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  1. #1
    Join Date
    Mar 2006
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    My Avalanche Experience - Helmet Cam Footage and Commentary on Emergency Gear

    Helmet Cam Video of a Slab Avalanche
    http://www.vimeo.com/22250873

    Avalanche "science" is an imprecise science at best. There are no axioms or accurate formulas such as exist in physics or chemistry. Sometimes you can do everything right but things still go wrong and this is why we still all carry rescue gear, even the most experienced or trained amongst us. On a sunny day in Alaska, I learned that lesson well. Pits were dug (by a professional guide) with good results, similar aspects skied and I wasn't even first down the slope when a 500ft wide, 20-30 cm deep crown broke above me and carried me 2000ft down a steep slope at high speed.

    It is here, before the need for rescue gear (shovel, beacon probe), where our preventative measures and gear come into place. I cut hard 45 degrees after seeing the cracks. Mistaking a breaking bit of slab for the edge of the slide, I actually though I would make it just before the rug was pulled out from under me. Lucky for me, I don't use pole straps (another preventative measure) so the only violent tugging came from my skis, which quickly broke off (literally) despite 14 din settings.

    Now was the time to engage the emergency gear. I was wearing a BCA airbag pack (Float 30) but had never even practice-pulled the cord. Indeed, this was only the second day I ever wore it, finding it difficult to find a place to fill it in Japan. With snow being pushed down my throat, I prioritized the avalung, which went in with ease and refocused on pulling the cord. I was being violently tumbled and quickly sank when I started to use my arms to place the lung and pull the cord but the second it was pulled I could feel myself float to the surface and the tumbling slowed. By the end, the bag had my floating on my back, with my feet down slope, not dissimilar to canyoning.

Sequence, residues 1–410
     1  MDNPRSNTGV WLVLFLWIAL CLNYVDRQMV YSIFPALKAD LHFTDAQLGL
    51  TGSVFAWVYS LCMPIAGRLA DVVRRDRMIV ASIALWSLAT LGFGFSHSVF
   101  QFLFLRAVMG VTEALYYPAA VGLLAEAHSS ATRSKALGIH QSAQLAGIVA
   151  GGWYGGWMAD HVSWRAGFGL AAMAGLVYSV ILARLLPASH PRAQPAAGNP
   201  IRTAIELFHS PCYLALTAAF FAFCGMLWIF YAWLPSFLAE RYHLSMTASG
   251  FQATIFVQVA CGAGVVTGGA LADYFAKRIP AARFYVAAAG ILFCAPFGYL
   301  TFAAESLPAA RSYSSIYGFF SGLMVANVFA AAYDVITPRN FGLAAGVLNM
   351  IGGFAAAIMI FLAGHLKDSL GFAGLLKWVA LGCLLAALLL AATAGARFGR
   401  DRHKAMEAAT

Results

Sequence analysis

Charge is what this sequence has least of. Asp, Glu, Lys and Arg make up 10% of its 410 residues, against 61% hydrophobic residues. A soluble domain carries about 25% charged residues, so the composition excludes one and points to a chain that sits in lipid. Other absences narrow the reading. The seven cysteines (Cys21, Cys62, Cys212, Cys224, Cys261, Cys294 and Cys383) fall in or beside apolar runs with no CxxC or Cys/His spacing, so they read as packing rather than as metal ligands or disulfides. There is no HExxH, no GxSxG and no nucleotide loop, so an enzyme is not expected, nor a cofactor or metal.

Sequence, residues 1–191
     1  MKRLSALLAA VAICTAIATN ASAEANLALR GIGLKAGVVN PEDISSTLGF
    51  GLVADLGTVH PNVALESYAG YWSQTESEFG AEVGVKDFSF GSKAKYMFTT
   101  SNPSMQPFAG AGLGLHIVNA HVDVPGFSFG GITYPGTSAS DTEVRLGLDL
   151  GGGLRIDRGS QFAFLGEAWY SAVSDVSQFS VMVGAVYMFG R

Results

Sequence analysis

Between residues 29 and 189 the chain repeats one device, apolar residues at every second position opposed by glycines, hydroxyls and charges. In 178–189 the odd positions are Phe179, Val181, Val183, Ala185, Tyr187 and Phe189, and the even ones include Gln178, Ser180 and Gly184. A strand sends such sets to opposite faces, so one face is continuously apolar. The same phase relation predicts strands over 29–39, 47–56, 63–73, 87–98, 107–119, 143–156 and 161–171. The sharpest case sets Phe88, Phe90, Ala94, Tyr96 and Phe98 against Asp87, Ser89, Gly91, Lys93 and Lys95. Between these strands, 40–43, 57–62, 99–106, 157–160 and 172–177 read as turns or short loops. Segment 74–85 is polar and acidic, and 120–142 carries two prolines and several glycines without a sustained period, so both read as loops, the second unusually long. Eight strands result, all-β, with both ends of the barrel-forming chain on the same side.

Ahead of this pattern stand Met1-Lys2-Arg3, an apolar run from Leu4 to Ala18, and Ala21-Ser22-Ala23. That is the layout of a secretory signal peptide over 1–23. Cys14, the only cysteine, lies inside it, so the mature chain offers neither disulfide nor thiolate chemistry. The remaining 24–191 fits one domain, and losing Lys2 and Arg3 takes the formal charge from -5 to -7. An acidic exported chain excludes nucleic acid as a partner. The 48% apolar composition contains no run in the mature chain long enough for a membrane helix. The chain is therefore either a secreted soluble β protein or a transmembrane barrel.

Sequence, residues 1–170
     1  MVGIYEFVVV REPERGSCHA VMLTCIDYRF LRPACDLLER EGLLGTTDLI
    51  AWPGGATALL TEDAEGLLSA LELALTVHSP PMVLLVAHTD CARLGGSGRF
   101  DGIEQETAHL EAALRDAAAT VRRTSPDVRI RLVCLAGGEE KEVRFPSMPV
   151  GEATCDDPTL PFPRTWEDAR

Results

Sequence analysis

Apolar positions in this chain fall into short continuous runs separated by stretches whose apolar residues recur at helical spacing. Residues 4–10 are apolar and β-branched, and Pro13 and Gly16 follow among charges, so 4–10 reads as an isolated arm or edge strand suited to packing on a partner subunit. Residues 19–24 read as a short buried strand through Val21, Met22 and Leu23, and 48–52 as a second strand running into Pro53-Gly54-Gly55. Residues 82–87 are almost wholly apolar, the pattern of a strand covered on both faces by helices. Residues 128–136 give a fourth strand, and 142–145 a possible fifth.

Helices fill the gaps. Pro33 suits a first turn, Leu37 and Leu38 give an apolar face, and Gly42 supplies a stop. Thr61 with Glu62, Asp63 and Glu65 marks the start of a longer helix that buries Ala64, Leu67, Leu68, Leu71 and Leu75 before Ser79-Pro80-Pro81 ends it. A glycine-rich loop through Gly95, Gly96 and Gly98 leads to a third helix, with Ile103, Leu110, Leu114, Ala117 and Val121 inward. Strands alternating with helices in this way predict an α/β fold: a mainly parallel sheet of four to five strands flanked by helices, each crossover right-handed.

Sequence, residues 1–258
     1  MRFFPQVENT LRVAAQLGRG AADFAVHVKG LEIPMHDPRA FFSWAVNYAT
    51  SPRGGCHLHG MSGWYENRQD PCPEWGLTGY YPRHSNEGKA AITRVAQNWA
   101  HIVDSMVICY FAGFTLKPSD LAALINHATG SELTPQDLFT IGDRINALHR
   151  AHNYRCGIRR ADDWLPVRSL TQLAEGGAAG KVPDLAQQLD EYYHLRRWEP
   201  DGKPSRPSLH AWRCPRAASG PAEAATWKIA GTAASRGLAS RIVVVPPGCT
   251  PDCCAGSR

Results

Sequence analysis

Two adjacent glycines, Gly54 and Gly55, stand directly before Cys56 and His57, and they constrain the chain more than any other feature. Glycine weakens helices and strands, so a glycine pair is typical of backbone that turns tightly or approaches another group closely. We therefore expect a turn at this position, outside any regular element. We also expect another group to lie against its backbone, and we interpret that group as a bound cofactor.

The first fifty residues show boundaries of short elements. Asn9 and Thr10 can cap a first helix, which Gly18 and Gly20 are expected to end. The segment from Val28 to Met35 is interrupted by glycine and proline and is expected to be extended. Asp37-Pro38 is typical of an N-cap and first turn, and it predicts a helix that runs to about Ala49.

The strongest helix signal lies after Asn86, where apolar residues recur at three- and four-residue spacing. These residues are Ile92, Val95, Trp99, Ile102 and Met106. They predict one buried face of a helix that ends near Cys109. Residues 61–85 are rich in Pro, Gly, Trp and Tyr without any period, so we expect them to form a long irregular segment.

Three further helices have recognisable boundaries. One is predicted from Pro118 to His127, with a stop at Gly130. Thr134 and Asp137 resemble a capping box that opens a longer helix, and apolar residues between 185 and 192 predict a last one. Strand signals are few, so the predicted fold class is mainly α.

The runnout was wide and open so I doubt I would have been buried in the end but the equipment served a function nonetheless. The avalung allowed me to breathe rather than choke while tumbling, a big plus when I went to work on my airbag. The airbag changed the washing machine tumble into a gentler slide and kept me much closer to the surface (there was some pepper on the slope so close to the surface was a better place to be, even if it was going to spread out in the runnout). Finally, perhaps the most important piece of emergency equipment was the helmet. I did not bang my head but it was possible. More importantly in this case, it kept my goggles in place and made it much easier to see the avalung, ripcord and which way was up. If you are going to wear emergency preventative equipment, methinks a helmet should top the list.

    I never want to go through that experience again so avoidance of avi prone terrain remains the best policy but at least I now know that if I do, I can keep my wits enough to use the emergency equipment. I hope this post and video reminds others that avalanche risk can never truly be eliminated so always be prepared to deal with the consequences.